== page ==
The black line is the same as the red line indicating that there is no further hearing loss coming from the outer or middle ear; therefore, all hearing loss is caused by a sensorineural (inner ear) issue.

The level of commonplace sounds is displayed in the audiogram below. Any noises above the line on this audiogram will be inaudible if you plot your hearing level there.

volume of everyday sounds

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The SPEECH BANANA is the purple region. It indicates that some parts of speech are quieter than others and represents the loudness of typical conversational discourse.

Why is it so hard to understand speech with this hearing loss?

In addition to having a higher pitch than vowels, some consonants are also uttered at a quieter loudness. If someone speaks to an older person in a busy environment, they will no longer be able to hear the high tones, which they can only make out in a calm environment. In other words, kids won’t be able to distinguish between consonants like “fat” and “sat,” “ship” and “chip,” “kiss”, and “this.” Even though they can’t understand speech, they will know someone is speaking. The issue might be resolved by using a hearing aid to increase the amplitude of the frequencies they cannot hear.

What Are the Symptoms of SNHL?

Depending on the aetiology, SNHL may affect one or both ears. Without a hearing test, your symptoms might not be apparent if your SNHL develops gradually. The symptoms of abrupt SNHL will appear over a few days. Many people wake up for the first time noticing sudden SNHL.

Following a sensorineural hearing loss,

  • Trouble hearing noises in noisy environments, especially trouble understanding female and child voices
  • Unsteadiness or balance issues
  • Difficulty hearing loud noises
  • You have the impression that noises and conversations are muffled and that you can hear but not understand them.
  • Tinnitus (ringing in your ears)

Types of Sensorineural Hearing Loss

Sensorineural hearing loss can damage one or both ears, depending on the source.

  • Bilateral sensorineural hearing loss. SNHL in both ears can be caused by genetics, loud noise exposure, and conditions like measles.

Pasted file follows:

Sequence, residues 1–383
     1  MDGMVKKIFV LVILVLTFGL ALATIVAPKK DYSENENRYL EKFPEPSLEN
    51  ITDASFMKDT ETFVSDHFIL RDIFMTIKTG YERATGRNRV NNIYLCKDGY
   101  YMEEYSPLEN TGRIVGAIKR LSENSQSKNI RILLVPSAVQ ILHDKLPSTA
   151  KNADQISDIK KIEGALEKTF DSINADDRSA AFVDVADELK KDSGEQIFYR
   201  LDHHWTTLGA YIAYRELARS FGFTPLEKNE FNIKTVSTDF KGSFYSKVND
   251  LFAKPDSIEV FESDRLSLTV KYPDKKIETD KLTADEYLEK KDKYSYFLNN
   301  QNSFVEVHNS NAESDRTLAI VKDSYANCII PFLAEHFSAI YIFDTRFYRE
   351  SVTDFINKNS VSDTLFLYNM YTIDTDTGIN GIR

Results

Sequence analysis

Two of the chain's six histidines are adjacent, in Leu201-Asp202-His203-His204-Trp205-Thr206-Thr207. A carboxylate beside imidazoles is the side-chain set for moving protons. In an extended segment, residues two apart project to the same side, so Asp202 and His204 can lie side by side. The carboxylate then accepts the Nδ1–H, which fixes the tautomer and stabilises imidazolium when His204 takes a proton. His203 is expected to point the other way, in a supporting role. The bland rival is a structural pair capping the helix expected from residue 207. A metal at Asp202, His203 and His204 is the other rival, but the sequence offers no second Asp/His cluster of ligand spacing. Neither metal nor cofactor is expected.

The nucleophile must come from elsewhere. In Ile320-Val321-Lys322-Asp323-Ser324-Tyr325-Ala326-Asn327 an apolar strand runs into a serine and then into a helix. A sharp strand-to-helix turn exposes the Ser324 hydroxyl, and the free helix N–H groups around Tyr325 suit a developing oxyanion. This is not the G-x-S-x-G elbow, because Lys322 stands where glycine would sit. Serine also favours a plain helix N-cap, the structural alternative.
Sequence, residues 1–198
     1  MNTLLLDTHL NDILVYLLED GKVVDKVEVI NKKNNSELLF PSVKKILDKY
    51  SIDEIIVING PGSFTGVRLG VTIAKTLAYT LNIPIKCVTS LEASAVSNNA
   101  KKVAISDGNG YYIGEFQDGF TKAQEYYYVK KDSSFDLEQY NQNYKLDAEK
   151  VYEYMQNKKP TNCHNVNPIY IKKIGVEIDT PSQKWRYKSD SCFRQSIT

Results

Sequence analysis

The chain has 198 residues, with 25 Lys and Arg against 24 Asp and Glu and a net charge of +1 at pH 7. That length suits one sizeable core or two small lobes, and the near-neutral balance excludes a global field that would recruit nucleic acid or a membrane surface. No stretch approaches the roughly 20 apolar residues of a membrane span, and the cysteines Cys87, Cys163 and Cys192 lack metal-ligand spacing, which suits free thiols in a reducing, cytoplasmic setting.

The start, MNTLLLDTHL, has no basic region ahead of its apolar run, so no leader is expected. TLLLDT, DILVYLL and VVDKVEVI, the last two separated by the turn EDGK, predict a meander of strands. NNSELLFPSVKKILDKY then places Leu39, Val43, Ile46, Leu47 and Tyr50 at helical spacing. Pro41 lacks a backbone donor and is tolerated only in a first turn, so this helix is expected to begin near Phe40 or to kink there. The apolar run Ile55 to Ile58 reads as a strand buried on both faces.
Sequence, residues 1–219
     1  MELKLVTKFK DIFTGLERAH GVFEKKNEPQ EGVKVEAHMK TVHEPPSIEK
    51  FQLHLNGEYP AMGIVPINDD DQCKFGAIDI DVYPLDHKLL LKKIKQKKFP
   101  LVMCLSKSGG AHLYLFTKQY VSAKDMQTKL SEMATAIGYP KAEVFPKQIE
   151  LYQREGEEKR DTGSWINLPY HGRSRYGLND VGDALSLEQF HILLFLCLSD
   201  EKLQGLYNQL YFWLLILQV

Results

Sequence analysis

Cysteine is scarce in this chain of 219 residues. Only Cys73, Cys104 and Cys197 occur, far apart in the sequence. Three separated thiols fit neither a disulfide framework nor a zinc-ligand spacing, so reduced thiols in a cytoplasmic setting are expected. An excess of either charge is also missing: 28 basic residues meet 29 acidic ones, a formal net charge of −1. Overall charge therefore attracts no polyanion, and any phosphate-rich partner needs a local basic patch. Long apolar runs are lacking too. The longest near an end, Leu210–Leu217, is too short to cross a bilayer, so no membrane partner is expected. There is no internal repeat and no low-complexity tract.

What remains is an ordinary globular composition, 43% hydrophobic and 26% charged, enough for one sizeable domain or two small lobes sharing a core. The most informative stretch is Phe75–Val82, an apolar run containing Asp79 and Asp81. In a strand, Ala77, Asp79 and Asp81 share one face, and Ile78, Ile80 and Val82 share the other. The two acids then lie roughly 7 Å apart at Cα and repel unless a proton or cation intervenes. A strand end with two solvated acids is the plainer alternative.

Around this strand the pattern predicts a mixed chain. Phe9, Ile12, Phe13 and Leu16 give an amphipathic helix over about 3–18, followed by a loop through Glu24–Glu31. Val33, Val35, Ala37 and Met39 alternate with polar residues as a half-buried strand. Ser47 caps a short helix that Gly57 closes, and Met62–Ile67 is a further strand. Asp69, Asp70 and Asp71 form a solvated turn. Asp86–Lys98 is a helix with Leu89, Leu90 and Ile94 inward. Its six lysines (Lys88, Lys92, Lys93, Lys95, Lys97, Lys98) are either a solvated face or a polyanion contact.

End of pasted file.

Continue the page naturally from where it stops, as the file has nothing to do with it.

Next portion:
• Unilateral sensorineural hearing loss. If SNHL is brought on by a tumour, Meniere’s disease, or a sudden loud noise in one ear, it may solely damage that ear.
  • In asymmetrical sensorineural hearing loss, when there is hearing loss on both sides, but one side is worse than the other, this condition is known as asymmetrical SNHL.

What Treatments Are Available for SNHL?

Visit our ENT doctor, who can provide the proper diagnosis if you’re experiencing hearing loss. This is significant since the source of hearing loss determines how to treat it. Our doctors in JGlasses will be able to discuss all available treatments with you after a diagnosis has been made. An audiogram or hearing test conducted by our audiologist as part of the evaluation will be crucial in determining the degree of your hearing loss and whether it is conductive, sensorineural, or both.

Our ENT expert may suggest particular treatment options based on your hearing test findings or other prospective tests like a CT or MRI imaging scan. Options for treatment include:

  • Ongoing monitoring and frequent hearing tests
  • Medical treatment options include diuretics for Ménière’s illness and corticosteroids (oral or administered by injection through the eardrum) to minimise swelling and inflammation in the cochlear hair cells following exposure to loud noises.
  • A diet low in sodium
  • Assessment and hearing aid or other assistive listening device fitting
  • Seating preference in class for students
  • Surgery to treat the underlying issue causing the hearing loss
  • The procedure to implant a hearing aid

Various types of hearing aids like conventional hearing aids or implanted hearing devices can be used to treat SNHL. Again, depending on your hearing test results and lifestyle, our ENT expert and audiologist can help you choose which device might best fit you.

At JGlasses & Hearing, as an expert on hearing aids in Singapore, we know there is no “one-size-fits-all” option when choosing the proper kind of hearing aid for you. Therefore, contact us today to get a free hearing evaluation with one of our specialists.